31. 31. Service user involvement.Service user involvement. 31 Project planning and delivery. 4.1 Choosing your methods 32 4.2 Preparing a project plan 34 4.3 Costs 36 4.4 Accessibility 36 4.5 Communication 38 4.6 Evaluation and reporting 40 4.7 Common problems and solutions 41 in this section: 4
  32. 32. Service user involvement. 32 “I think that the biggest weakness is that they have set up a forum but they hadn’t realised how it would develop. We have grown lots; we now need IT [to support us].” Service user on need for adequate resourcing “To make service users involvement a success in your organisation, you must have complete staff buy-in.” Service user on importance of staff support 4.1 Choosing your methods As discussed in Section 2, there are a variety of ways to involve service users in your Activity by service user Examples Key benefits Research/ evaluation ✲✲ Peer reviewing ✲✲ Designing questionnaires ✲✲ Conducting interviews ✲✲ Facilitating focus groups ✲✲ Mystery shopping. ✲✲ Brings different perspectives and questions to review process ✲✲ More honest and open feedback from service users when they are asked by peer reviewers. Consultation ✲✲ Forum membership ✲✲ Prison council membership. ✲✲ Provides an arena for service users to voice concerns, views and ideas ✲✲ Opportunity for service users to build relationships with others in a similar situation ✲✲ Keeps service users informed, particularly those without access to email or telephone ✲✲ Allows for different levels of commitment. Representation ✲✲ Speaking to commissioning bodies or service review panels. ✲✲ Puts across service user issues and concerns in their own words ✲✲ Demonstrates to service users that their views are valued and respected at the highest level. Delivering training ✲✲ Leading workshops ✲✲ Running train the trainer events ✲✲ Training staff ✲✲ Sharing experiences e.g. media skills, writing questionnaires. ✲✲ Encourages other service users to get involved because they see their peers involved ✲✲ Fosters an environment of trust ✲✲ Offers unique insights into service users’ perspectives on good practice. work. Some methods are‘safe’or tried and tested; others are more innovative. Use the table below to identify the methods that might work best for your organisation: continues on page 33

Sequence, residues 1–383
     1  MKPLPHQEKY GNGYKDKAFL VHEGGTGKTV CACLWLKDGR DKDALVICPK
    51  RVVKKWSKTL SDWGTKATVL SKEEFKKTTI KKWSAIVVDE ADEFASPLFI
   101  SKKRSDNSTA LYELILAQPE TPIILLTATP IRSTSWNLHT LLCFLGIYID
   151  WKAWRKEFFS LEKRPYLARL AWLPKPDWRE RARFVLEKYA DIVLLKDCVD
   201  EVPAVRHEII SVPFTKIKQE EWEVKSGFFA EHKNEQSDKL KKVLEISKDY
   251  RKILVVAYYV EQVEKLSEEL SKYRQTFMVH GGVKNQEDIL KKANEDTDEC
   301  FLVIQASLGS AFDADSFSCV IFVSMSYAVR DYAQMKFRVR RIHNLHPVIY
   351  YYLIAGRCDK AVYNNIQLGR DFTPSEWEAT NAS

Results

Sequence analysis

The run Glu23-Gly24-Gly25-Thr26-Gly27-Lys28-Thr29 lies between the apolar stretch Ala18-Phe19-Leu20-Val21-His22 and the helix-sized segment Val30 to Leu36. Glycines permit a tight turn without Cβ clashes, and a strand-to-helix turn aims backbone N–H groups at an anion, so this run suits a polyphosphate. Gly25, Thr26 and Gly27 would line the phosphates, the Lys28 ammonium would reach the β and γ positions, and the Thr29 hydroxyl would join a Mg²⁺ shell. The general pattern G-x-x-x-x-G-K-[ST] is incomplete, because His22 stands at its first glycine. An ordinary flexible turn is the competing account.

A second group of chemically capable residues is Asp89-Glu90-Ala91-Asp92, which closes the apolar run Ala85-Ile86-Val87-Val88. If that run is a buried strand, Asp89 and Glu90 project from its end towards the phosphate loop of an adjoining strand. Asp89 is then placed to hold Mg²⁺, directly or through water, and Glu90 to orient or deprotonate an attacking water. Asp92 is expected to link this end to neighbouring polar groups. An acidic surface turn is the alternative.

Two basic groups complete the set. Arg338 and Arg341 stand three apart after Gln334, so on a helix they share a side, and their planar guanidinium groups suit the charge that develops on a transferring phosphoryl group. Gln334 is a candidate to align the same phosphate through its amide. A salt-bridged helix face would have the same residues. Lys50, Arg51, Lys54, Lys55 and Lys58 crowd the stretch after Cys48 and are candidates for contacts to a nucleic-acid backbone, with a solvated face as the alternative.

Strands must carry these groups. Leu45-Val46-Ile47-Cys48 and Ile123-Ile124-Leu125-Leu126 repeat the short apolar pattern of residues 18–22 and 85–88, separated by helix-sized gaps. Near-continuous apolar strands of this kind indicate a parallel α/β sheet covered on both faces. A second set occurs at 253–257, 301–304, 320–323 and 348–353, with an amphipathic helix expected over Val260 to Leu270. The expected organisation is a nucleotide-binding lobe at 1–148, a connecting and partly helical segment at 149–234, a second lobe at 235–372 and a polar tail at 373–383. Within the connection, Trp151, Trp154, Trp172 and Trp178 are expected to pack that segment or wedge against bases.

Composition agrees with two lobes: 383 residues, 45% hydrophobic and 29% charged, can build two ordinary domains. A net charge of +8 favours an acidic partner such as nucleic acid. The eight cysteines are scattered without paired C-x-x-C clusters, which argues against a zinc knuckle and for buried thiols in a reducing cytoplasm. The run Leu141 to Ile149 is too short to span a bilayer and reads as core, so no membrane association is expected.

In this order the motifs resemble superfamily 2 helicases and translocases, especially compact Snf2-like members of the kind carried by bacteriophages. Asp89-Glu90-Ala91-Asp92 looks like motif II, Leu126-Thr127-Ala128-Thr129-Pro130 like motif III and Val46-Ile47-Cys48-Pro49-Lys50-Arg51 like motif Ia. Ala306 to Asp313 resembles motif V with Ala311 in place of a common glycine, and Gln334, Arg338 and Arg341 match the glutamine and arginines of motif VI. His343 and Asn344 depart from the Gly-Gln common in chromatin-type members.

33. 33. 33 “I’ve been involved in a designing and implementing the training for a ‘mystery shopping’ project, which otherwise [the organisation] would have had to pay a company to do – so it’s saved them thousands of pounds.” Service user on benefits to organisation Activity by service user Examples Key benefits Selection and recruitment of staff ✲✲ Writing job descriptions and person specifications ✲✲ Designing adverts ✲✲ Short listing ✲✲ Sitting on interview panels. ✲✲ Demonstrates to service users that their views are truly respected ✲✲ Improves relationships within your organisation ✲✲ Gives a powerful message to candidates about the importance of SUI to the organisation ✲✲ Increases the likelihood of employing staff with the values and interpersonal skills that service users appreciate. Governance ✲✲ Serving as a committee or board member. ✲✲ Helps service users to gain a better understanding of your organisation ✲✲ Brings a unique perspective to board-level discussions ✲✲ Demonstrates inclusion and equality within your organisation. Service design ✲✲ Sharing views through consultation activities ✲✲ Project team membership. ✲✲ Harnesses direct experiences of service users to improve services ✲✲ Offers opportunities for service users to develop specific skills, enhancing self-esteem and employability. Service delivery ✲✲ Peer mentoring ✲✲ Developing good practice guides. ✲✲ Offers a more personal way for service users to get involved ✲✲ Provides your organisation with unique ‘first hand’knowledge and experience ✲✲ Helps to break down barriers through the service user acting as a‘trusted’link between peers and your organisation. Media and publicity work ✲✲ Addressing events or attending party conferences ✲✲ Speaking to the press ✲✲ Featuring in your organisation’s magazine or on the website. ✲✲ Highlights‘real life’stories and helps external audiences to better understand issues ✲✲ Offers service users the chance to develop skills e.g. public speaking. continued from page 32